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Spindly tomatos?

Posted by Scubadiver1 none (My Page) on
Tue, Aug 21, 12 at 10:56

This has been a strange season. My garden is in the highlands of western Pa. So the growing season is more like New England.

Usually I get a dense jungle of foliage from tomatoes. This year my plants are so spindly it looks more like June than mid-August. They are fruiting their little hearts out, but much if the yield is sun-scalded. I notice that others' tomatoes in the neighborhood are just as spindly as mine.

I use black plastic mulch to stretch the season and to conserve water. Cukes, herbs, corn and dahlias in the same garden have prospered. There is no recognizable disease on the plants. So what happened to my tomatoes this year.


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RE: Spindly tomatos?

Black plastic is not the best thing for tomatoes. Researchers have found that red is better for tomatoes.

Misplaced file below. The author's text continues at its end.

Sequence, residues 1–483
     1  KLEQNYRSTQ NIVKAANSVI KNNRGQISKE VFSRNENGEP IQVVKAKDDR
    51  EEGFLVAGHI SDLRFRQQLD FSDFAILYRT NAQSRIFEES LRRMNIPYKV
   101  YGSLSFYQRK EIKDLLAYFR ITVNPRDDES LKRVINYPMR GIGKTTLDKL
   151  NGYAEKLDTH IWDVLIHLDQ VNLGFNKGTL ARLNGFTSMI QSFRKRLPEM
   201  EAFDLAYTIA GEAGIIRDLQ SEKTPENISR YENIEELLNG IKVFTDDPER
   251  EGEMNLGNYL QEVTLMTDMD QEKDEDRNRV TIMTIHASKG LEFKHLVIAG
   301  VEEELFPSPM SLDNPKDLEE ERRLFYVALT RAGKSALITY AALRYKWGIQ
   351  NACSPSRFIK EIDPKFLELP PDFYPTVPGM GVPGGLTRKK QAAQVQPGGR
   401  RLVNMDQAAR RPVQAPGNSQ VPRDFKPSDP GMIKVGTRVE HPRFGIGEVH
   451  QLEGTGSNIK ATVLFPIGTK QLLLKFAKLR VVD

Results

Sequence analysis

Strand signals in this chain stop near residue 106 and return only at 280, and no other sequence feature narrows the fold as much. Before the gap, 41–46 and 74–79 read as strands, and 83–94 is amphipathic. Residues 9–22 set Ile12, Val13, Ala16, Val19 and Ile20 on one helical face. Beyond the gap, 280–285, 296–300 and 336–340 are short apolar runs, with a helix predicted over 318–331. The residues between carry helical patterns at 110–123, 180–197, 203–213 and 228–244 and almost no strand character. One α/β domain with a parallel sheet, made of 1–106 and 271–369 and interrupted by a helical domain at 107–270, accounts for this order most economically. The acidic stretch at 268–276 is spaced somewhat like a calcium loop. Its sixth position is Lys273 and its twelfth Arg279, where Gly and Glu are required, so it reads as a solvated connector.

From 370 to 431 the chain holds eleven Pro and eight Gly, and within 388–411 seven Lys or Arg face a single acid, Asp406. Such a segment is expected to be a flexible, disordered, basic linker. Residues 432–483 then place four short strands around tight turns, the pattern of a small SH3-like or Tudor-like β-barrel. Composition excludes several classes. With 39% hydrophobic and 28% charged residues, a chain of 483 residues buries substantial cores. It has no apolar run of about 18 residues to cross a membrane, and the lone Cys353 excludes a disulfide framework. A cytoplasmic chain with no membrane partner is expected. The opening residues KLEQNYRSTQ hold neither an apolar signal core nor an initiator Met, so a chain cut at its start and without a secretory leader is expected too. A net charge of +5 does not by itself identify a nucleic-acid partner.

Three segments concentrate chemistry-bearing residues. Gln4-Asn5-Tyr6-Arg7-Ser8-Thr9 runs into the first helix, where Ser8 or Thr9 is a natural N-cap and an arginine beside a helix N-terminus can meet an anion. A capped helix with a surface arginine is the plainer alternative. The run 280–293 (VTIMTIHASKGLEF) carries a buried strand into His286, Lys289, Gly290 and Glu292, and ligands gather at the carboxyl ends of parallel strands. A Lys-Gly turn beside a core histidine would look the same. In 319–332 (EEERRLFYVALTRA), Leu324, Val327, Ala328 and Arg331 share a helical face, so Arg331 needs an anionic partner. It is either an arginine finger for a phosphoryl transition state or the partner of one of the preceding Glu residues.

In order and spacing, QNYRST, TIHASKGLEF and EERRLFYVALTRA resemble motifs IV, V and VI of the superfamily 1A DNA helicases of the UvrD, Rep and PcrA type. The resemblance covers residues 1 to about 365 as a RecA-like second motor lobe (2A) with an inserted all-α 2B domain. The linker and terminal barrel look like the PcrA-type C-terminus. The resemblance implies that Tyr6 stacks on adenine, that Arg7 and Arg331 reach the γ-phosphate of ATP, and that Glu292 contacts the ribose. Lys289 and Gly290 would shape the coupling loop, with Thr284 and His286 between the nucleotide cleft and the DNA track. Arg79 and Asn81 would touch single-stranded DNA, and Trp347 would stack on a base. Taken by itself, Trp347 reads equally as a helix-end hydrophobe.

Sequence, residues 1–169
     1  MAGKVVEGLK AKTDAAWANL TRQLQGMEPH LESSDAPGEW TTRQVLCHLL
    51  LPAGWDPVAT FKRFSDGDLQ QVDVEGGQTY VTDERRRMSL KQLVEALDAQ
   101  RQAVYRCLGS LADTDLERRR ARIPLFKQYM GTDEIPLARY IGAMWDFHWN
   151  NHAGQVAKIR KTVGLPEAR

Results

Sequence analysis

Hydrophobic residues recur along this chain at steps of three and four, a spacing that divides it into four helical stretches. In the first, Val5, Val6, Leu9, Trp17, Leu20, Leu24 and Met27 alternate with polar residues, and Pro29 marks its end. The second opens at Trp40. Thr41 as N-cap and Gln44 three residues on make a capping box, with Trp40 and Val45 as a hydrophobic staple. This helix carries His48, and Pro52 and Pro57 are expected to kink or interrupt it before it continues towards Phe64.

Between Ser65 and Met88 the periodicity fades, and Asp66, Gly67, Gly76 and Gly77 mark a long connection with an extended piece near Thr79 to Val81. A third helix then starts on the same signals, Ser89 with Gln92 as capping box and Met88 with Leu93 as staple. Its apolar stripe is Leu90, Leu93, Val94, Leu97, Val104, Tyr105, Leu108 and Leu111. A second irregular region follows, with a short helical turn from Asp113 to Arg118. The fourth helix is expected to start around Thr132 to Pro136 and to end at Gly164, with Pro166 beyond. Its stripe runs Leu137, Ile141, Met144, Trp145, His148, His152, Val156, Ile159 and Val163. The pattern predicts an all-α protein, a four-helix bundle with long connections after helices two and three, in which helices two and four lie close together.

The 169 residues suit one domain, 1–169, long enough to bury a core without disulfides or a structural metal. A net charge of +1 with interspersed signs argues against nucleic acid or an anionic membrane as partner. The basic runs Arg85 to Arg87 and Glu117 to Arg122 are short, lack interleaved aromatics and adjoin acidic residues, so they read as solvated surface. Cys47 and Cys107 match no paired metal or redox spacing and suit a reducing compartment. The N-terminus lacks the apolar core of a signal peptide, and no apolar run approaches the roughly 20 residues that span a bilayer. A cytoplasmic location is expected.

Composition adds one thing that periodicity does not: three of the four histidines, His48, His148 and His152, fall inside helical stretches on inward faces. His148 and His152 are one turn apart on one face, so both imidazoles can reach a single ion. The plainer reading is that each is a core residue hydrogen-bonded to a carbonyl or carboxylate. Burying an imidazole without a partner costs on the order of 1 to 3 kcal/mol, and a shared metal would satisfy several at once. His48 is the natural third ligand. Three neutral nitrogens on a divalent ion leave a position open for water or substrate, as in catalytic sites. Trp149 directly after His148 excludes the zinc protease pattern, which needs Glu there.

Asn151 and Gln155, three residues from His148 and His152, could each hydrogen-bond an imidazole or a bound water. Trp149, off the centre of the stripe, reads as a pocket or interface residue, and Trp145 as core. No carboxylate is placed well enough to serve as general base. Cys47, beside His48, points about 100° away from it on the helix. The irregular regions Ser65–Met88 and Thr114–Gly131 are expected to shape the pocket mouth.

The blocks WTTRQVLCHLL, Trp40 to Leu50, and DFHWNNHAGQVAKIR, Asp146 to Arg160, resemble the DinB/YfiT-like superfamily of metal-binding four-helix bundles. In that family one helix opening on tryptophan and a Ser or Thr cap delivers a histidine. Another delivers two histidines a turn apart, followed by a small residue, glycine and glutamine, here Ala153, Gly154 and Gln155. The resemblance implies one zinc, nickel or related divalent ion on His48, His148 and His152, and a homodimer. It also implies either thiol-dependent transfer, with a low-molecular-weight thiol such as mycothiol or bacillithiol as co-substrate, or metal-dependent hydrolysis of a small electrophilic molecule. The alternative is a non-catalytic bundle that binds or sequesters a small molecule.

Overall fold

I'm not sure what happened to your tomatoes. Usually leggy tomatoes are from lack of light. Have you had a lot of cloudy days this summer?

I know I always had plants grown in my greenhouse that had sturdy stems. About 3 years ago my tomato plants grew spindly stems that had to be planted deeply outside. They thickened once planted outside so I knew it must have been something with the greenhouse.

My greenhouse has a fiberglass covering. I purchased a stiff broom and used lestoil and scrubbed down the roof and got rolls of black gunk off of it. The next year my tomatoes grew well, so I figured it was lack of light that effected my tomatoes.

I don't know if it's that is what effected your tomatoes but it sounds like it may be if others in your area have the same trouble


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RE: Spindly tomatos?

Thanks. I think you are right.

The black plastic is to stretch the growing season, and to act as a solar still. I only get to my garden every 2-3 weeks. It is at a mountain cabin in the Laurel Highlands. Plastic deals with the fact I'm not there to water for weeks at a time. Plus it's waaaay cheaper from industrial suppliers than plastic mulch from garden suppliers.


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